In a masterstroke (or maybe just a happy accident), Bill Pronzini never got around to giving his San Francisco gumshoe a name. However, he then made his sleuth such a well-rounded, finely drawn character that a name was superfluous. Nameless is the detective as Everyman, stripped of all pretense at glamour or romance. Middle-aged, out of shape, content with a cold beer and one of his beloved pulp magazines to read, Nameless was perhaps the first true couch potato P.I., a truly regular joe, the kind of guy who'd stop and lend you a hand if your car broke down, or give up his seat on the bus for a pregnant lady. The kind of guy you might play poker with or see at the hardware store buying a screwdriver -- if you noticed him at all.

Yet, over the last 35 years, the Nameless series has quietly but continually pushed the borders of private-eye fiction. Pronzini pointedly tampered with formulas and expectations, making his series not so much a string of adventures as a collection of chapters that form one giant novel chronicling the life of a man and his times -- a man who's keenly aware of the world around him, but also of the clock ticking. Because, of course, Nameless is no spring chicken, either.

OK, so maybe he (and his creator) have earned the right to coast a little. After all, this taciturn, gloomy, lone-wolf P.I. has been through the wringer over the years, tackling everything from romantic breakups to cancer scares, and being kidnapped by a psycho along the way. Currently Nameless has a wife, Kerry Wade, as well as an adopted teenage daughter, Emily, and -- gasp!!!! -- a couple of employees, each with personal problems and issues of their own. As the Grateful Dead, another venerable San Francisco institution, once put it, it's been a long strange trip.

The problem with Mourners is that, while Nameless remains an instantly recognizable voice in detective fiction -- even though (thanks to the novel, Twospot (1978), which he co-authored with Collin Wilcox) we now know that his first name is Bill -- that great melancholy voice is noticeably absent from much of Pronzini's newest novel. Instead, we are subjected in Mourners to a round-robin of loosely connected tales presented in alternating chapters which, unfortunately, don't add up to much more than the sum of their parts.

Sure, Nameless himself (sorry, I still can't get my head around calling him "Bill") narrates his chapters in the traditional first-person. However, the chapters following Tamara Corbin, his personal assistant, researcher and office manager (don't you dare call her a secretary!), and Jake Runyon, Nameless' new investigator, are presented in a rather bland, "just the facts, ma'am," third-person viewpoint. But it isn't solely the narration that's at fault here -- it's the interconnecting stories themselves. Tamara's chapters, for instance, revolve mostly around her break-up with her long-distance classical-musician boyfriend, Horace. While Tamara, a mercurial and ambitious young black woman, has often played the perfect foil to the sometimes-stodgy Nameless, the gormless Horace has always been a bit of a drip. So, while his apparent departure from this series is no great loss, it's irritating to find so much of this particular book devoted to Tamara picking at her emotional scabs.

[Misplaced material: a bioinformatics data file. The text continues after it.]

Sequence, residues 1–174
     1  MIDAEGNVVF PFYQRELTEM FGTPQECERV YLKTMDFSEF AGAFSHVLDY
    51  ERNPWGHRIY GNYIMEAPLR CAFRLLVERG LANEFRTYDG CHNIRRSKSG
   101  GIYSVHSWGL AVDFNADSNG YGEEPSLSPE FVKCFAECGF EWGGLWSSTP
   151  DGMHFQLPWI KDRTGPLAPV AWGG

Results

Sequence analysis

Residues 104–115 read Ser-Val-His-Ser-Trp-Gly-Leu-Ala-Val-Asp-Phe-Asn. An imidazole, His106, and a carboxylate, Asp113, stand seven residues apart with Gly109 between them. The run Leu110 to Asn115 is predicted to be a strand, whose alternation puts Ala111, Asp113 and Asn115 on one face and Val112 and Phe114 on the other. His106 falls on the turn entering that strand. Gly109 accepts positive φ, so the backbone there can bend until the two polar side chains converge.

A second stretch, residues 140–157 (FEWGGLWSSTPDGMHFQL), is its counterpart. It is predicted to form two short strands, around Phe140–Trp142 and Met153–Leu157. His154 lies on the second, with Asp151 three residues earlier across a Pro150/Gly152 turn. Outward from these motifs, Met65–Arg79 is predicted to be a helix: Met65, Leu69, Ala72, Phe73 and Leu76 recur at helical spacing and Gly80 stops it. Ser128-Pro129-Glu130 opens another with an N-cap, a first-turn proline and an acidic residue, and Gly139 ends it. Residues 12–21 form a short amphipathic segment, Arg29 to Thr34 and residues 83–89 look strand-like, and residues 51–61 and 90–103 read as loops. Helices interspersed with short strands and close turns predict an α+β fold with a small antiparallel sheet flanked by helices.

Nameless, at least occasionally, is involved in actual detective work in his chapters. He's been hired by Lynn Troxell, who wants to know where her moody, distant husband, James, a financial planner, has been disappearing to lately. The answer -- if not the reason -- is soon uncovered by Nameless and his operative, Jake: Troxell has been attending funerals and sending flowers to the graves. The common links seem to be that Troxell doesn't know any of the deceased and, more disturbingly, all of the dearly departed are women who have died violently.

So far so good, but Nameless too often seems to be merely going through the motions on this one, offering little more than his usual "no-nonsense straightforward professionalism," distracted by personal problems at home which, along with Tamara's romantic tribulations, threaten to swamp Mourners in soap-operaish sub-plots. The domestic crisis Nameless must deal with is the emotional chasm growing between him and his suddenly secretive wife. That the big secret turns out to be a plot twist Pronzini has employed previously (and with better effect) in this series, and that it's handled here relatively superficially, simply underscores the sense of inertia this book presents. Like, haven't we been here before?